Red Deer taking the bite out of mosquitoes

Spring, so far, has been virtually mosquito-free.

Spring, so far, has been virtually mosquito-free.

But with some rain in the forecast, Red Deer City workers are hoping their biological mosquito control program will pay off in reducing larvae and keeping the adult bloodsuckers in check.

“It’s always weather dependent. All it takes is a little rain and heat” to create a mosquito plague, said Dave Matthews, parks planning and technical services supervisor for the City of Red Deer.

Parks staff had a later than usual start to their annual effort to spread the microbial pesticide Bti (Bacillus thuringiensis isrealensis) in ditches, wetlands and other spots where mosquito larvae hatch, as ponds were ice-covered well into April.

Otherwise, everything — including larval numbers — looks pretty typical, said Matthews.

He can’t predict what kind of mosquito season lies ahead, but believes that unless we have an unseasonably wet summer, Red Deer should see a significant reduction in the mosquito population, thanks to the environmentally friendly control program that’s been used in the city for the last 20 years.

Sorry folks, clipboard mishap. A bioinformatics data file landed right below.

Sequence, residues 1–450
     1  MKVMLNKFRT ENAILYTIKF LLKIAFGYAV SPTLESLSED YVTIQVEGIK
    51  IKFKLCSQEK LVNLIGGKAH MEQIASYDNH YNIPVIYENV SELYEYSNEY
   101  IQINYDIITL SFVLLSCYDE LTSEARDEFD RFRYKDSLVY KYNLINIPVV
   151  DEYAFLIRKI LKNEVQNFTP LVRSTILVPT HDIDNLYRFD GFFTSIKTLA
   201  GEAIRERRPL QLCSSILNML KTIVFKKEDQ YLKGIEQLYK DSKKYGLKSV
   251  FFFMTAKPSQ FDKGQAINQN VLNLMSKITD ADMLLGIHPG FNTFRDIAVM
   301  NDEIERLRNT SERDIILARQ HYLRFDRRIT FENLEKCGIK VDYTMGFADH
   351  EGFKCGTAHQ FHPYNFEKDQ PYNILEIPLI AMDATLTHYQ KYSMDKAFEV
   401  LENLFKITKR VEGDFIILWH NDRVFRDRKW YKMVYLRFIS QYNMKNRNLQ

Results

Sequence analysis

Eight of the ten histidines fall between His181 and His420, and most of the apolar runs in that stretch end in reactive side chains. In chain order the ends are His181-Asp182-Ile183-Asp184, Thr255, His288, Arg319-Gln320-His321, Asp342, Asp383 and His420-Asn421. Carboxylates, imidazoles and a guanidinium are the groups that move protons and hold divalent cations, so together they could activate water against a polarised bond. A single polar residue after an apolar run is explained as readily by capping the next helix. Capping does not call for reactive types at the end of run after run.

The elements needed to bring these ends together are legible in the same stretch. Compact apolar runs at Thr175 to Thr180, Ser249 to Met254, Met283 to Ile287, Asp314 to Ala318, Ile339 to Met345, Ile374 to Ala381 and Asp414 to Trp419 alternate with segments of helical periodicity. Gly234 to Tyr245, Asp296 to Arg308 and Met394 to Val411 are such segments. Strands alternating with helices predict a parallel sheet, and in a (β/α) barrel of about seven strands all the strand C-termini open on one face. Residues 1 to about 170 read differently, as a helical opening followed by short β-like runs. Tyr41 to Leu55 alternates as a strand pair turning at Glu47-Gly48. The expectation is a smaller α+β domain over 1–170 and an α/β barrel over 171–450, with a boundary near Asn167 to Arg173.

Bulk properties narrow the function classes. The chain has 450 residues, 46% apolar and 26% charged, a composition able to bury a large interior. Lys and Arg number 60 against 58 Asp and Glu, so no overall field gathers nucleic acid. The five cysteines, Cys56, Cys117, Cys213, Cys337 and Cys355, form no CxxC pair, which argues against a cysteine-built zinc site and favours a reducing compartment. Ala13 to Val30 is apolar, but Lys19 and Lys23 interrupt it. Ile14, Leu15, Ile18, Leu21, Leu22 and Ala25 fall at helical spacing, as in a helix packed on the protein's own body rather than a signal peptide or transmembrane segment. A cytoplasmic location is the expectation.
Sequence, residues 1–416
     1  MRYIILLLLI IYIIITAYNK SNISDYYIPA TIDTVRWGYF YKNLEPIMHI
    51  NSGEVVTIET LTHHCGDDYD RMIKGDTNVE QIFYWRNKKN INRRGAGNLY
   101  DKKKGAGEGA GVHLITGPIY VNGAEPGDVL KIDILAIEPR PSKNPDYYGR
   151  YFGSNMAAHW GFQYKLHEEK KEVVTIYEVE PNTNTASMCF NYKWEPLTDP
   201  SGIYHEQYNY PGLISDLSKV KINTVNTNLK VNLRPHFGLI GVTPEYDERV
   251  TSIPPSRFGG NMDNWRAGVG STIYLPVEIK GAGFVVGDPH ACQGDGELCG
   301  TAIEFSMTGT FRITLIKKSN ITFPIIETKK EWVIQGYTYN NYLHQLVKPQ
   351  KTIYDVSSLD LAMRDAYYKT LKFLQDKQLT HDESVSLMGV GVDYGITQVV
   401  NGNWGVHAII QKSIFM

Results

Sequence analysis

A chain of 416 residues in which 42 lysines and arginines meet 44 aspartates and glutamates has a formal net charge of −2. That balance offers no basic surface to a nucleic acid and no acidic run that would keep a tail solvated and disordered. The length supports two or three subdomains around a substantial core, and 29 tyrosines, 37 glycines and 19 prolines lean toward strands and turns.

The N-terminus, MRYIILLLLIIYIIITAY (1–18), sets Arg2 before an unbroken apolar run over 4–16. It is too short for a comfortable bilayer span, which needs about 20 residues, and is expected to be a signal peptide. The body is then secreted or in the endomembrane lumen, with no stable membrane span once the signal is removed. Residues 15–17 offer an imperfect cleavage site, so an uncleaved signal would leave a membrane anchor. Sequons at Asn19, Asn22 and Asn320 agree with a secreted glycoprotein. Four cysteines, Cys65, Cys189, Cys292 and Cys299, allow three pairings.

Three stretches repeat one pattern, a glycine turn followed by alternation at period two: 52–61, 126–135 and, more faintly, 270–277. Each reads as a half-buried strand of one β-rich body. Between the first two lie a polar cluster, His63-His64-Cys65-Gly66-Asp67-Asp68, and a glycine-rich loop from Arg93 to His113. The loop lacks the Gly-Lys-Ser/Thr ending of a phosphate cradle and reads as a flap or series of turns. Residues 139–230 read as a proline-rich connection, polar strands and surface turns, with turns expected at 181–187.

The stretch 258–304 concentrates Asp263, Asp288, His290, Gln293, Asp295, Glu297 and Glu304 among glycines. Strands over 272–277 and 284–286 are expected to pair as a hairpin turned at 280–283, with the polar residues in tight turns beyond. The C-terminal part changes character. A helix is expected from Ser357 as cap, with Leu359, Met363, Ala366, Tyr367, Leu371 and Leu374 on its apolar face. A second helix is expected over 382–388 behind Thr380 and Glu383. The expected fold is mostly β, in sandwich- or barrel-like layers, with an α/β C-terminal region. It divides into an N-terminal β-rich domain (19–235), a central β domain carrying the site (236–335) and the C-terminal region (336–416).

Bti is a bacterial formula that specifically targets the pesky insects’ larvae, leaving other aquatic organisms and wildlife unaffected.

Lacombe and most other Central Albertan communities do not use this or any other form of mosquito control.

Considering the number of large water bodies surrounding Lacombe, a program would be cost-prohibitive and likely ineffective, said the city’s communications co-ordinator Daven Kumar.

Instead, the City of Lacombe has launched a public awareness campaign encouraging residents to protect themselves from mosquito bites and the potentially deadly West Nile virus.

Central Albertans are being told to cover up whenever possible with long sleeves and pants in light colours and to use an effective mosquito repellent with DEET.

Traps around Red Deer have caught a very low number of mosquitoes that can carry the virus, which is contracted from birds the mosquitoes feeds on before passing it to humans. “For hundreds of thousands of mosquitoes, there were only one or two of the kind of species that can carry it,” said Matthews.

But despite this low risk, he added area residents shouldn’t take the West Nile virus for granted because of the potential severity of the illness. The affects can range from no symptoms to causing disability and death.

Matthews said the more aggressive biting mosquitoes are now known to breed primarily in larger water bodies. This takes some burden from homeowners, who were once told to prevent standing water in birdbaths and rain barrels. These are no longer thought to contribute significantly to the problem.

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